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Narcos: Mexico star hits out at series claiming 'there are a lot of lies'

Narcos: Mexico star hits out at series claiming 'there are a lot of lies'

Narcos: Mexico star Diego Calva has hit out at the Netflix crime series, saying it misrepresents Mexico

A Narcos: Mexico star has hit out at the series, claiming there are ‘a lot of lies’ despite it being a ‘great show’.

Diego Calva has a supporting role as Mexican drug lord Arturo Beltran Leyva in the popular crime drama, which serves as a companion series to the original Netflix programme Narcos and centres on the development of Mexico's illegal drug trade.

Calva's turn as the cartel leader helped thrust him into the limelight, having since landed himself a part in Damien Chazelle’s forthcoming film Babylon, which also stars the likes of Brad Pitt and Margot Robbie.

But while he feels ‘grateful’ to be a part of the hugely successful franchise, the actor has revealed how he feels his country has been misrepresented in the show.

In a new interview with GQ magazine, Calva, 30, said: “There’s a moment in your career as an actor that you really can’t choose your roles. You are just grateful that you’re having a job, and ‘Narcos’ is a great show.

Diego Calva in Narcos: Mexico.

“But in my case, it’s a little hard because the way they put the story of my country, I don’t agree at all. There’s a lot of truth and that’s amazing, but there’s a lot of lies, too.

“I think my country doesn’t need more narco culture and making these guys heroes.”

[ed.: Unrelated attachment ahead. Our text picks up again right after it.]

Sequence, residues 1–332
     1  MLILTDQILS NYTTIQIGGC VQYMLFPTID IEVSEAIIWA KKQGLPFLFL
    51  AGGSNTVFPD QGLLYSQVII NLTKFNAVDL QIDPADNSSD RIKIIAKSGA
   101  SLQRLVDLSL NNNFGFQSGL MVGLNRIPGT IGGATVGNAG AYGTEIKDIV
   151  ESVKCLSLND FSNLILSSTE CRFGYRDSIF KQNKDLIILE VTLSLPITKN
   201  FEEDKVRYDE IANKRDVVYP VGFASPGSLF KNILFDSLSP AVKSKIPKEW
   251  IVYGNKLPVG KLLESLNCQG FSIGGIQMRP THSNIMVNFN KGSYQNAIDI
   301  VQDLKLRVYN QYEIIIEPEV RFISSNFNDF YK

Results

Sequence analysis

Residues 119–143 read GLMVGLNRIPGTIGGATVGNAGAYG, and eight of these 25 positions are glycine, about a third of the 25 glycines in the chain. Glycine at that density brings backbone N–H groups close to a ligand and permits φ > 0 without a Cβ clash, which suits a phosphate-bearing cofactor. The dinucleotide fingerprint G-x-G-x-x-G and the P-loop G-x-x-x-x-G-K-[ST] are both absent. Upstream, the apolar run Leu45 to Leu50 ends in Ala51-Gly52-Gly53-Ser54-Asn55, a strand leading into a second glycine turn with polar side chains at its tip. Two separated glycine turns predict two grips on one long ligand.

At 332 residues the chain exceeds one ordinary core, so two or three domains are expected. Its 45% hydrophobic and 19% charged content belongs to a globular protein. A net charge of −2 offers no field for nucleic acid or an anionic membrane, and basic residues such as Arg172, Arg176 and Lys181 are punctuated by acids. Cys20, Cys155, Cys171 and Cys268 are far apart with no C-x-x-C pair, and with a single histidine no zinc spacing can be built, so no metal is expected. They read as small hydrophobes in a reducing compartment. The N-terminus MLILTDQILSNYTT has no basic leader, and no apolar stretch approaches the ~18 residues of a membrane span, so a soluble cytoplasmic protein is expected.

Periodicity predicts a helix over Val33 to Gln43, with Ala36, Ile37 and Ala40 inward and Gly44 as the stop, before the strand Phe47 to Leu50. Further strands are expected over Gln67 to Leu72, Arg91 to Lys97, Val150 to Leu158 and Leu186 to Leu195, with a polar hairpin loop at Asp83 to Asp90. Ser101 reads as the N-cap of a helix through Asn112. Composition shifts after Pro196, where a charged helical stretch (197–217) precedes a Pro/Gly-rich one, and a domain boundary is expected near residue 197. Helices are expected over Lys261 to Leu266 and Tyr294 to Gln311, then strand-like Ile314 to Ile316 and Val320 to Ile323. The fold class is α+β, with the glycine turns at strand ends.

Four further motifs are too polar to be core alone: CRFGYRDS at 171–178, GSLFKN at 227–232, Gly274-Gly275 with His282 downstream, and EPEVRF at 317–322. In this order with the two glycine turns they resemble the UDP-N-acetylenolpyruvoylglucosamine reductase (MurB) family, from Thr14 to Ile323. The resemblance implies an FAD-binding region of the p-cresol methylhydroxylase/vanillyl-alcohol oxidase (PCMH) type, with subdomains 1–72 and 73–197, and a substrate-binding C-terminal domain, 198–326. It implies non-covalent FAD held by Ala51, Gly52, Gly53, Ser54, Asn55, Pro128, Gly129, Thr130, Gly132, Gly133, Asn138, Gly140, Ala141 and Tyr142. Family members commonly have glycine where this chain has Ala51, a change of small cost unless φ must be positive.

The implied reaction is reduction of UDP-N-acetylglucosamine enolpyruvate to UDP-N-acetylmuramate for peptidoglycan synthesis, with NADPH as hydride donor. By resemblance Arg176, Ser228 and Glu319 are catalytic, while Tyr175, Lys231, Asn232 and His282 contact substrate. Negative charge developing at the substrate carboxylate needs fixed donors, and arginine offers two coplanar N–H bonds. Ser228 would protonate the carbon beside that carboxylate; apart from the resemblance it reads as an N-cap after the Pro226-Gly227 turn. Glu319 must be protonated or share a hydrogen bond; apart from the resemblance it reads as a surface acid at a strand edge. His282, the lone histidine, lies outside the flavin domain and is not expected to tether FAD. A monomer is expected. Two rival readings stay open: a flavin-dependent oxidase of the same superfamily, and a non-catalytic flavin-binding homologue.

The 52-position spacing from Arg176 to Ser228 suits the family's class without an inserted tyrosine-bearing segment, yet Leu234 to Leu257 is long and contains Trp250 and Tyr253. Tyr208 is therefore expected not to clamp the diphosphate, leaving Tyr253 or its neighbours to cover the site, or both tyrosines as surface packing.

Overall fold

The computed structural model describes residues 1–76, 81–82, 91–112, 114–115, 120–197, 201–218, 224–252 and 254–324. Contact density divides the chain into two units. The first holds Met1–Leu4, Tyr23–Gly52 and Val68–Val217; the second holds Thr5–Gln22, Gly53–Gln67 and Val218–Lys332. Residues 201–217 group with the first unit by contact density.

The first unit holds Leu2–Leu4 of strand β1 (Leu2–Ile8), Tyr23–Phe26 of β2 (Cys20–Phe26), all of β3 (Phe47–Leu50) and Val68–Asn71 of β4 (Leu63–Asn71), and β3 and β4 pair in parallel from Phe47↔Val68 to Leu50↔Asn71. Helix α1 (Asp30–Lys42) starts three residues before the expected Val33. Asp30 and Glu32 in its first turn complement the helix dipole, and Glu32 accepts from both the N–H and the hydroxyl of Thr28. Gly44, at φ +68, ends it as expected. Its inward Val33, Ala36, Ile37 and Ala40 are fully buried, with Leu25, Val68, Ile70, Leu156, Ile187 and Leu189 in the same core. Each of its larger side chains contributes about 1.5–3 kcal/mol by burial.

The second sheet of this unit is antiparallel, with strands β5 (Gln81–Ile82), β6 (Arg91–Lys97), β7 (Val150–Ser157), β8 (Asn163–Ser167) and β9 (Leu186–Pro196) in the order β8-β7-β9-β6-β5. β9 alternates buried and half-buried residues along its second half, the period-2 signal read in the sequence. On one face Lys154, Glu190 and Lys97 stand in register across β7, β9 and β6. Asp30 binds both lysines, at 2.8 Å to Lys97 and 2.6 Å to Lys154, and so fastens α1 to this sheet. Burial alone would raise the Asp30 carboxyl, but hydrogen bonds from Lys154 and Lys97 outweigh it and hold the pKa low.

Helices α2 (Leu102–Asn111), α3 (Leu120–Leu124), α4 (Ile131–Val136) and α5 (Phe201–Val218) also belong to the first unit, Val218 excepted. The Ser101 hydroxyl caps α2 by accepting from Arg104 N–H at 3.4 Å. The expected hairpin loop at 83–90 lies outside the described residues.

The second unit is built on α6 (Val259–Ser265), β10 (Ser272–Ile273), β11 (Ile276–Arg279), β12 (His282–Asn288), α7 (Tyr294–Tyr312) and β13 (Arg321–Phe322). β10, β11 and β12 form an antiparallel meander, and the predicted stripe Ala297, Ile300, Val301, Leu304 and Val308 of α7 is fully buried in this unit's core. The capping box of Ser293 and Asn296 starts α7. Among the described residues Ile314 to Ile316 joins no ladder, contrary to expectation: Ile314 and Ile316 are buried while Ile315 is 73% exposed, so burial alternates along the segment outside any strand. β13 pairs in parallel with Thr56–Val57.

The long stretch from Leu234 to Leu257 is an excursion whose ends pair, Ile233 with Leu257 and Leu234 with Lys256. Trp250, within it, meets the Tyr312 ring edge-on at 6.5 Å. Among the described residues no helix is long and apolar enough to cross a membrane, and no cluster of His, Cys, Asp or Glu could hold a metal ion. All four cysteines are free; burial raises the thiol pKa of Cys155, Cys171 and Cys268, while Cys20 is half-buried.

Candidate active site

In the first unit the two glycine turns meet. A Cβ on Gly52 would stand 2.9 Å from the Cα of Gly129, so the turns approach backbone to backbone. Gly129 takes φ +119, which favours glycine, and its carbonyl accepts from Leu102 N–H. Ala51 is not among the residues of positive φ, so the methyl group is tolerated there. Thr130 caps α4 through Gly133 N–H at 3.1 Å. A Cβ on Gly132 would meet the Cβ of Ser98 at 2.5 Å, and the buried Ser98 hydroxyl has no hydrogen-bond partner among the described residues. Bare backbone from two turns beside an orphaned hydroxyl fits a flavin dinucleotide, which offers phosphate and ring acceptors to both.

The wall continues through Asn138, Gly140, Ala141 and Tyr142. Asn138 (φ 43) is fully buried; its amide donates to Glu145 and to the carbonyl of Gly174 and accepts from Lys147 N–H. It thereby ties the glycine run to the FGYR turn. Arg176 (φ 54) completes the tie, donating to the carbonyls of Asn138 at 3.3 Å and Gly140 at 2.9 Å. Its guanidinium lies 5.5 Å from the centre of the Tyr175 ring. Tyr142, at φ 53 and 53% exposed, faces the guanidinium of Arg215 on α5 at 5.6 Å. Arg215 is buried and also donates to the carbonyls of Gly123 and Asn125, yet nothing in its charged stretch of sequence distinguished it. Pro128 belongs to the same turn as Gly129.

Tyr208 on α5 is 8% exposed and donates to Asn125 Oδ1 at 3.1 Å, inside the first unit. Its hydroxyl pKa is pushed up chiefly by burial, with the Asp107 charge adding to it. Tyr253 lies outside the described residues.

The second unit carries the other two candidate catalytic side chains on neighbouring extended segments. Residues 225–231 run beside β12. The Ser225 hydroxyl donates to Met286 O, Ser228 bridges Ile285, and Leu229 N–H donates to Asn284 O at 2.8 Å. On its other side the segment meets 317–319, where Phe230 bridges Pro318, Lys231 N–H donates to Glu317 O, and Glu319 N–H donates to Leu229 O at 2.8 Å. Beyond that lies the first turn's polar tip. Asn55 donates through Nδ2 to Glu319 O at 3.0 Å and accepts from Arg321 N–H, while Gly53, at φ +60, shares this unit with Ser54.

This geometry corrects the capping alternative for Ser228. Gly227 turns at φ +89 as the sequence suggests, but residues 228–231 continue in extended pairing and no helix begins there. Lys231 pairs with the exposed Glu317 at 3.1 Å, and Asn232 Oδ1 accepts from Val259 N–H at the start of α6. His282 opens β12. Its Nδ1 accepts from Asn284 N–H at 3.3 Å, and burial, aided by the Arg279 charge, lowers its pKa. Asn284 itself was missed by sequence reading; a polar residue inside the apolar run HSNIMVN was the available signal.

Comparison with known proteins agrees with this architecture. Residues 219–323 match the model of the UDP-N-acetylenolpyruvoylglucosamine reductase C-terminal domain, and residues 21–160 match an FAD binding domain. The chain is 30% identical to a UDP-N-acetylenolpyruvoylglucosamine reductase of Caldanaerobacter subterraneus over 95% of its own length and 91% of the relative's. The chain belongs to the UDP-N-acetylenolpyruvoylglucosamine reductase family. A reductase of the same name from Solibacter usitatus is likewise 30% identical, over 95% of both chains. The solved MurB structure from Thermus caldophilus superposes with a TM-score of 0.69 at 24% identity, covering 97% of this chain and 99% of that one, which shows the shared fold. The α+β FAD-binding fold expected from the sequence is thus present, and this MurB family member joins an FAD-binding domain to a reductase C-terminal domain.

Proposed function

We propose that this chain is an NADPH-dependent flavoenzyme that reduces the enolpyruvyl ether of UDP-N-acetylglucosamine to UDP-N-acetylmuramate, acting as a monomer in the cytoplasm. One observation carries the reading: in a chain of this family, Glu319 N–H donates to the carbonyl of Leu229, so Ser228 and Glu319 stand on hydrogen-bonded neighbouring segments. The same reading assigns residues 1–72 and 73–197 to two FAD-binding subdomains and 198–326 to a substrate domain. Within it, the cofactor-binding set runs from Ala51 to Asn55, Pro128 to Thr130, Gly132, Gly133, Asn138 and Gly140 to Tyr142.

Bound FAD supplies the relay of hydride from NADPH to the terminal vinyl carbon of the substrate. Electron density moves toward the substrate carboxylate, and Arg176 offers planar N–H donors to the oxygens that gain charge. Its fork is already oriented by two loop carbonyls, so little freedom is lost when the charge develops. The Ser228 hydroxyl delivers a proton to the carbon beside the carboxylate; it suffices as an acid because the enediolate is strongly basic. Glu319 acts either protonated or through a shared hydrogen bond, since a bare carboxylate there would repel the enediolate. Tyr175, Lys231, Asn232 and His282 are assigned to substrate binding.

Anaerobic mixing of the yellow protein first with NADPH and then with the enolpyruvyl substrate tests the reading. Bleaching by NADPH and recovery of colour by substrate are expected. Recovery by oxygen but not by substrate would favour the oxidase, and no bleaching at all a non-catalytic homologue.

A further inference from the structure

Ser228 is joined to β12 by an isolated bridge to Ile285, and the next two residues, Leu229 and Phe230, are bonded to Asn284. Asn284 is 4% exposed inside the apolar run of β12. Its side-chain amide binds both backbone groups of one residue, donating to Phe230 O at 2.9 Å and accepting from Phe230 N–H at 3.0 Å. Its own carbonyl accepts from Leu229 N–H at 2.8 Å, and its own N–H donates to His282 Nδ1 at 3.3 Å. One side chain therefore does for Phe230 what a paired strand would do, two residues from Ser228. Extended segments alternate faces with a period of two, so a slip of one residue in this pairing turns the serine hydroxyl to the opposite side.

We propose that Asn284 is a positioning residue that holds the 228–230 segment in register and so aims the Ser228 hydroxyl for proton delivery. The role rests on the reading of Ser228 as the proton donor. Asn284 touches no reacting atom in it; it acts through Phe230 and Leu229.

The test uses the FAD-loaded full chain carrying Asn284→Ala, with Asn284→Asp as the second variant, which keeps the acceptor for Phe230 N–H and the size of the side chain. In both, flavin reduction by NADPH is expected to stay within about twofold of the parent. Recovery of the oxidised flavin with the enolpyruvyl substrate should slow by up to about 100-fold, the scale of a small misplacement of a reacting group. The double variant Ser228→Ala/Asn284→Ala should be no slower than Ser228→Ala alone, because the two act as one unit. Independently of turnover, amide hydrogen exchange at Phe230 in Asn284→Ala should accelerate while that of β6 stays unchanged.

Calva recalled how, when the series aired, he had thought to himself: “This is too raw. I don’t know if I really want to keep shooting people.”

UNILAD has reached out to Netflix for comment.

The star now features in Babylon as Manny Torres, a film fan from Mexico who is trying to make it big in Hollywood during the golden age of cinema in the 1920s.

Diego Calva and Margot Robbie in Babylon.

It turns out the role – which marks Calva's first big English-language gig - has parallels with the actor’s own life, as he, too, grew up as a movie lover in Mexico City.

“When I learned how to play and rewind the VHS, I would just watch Peter and the Wolf over and over and over again,” he said.

“I was addicted to the fear that I felt when I heard the [horn] motif of the wolf. That sensation, that feeling.”

Calva said that as a teenager he had managed to negotiate regular trips to his local Blockbuster – predicting how he's seen GoodFellas about 40 times.

Featured Image Credit: Netflix

Topics: TV and Film, Narcos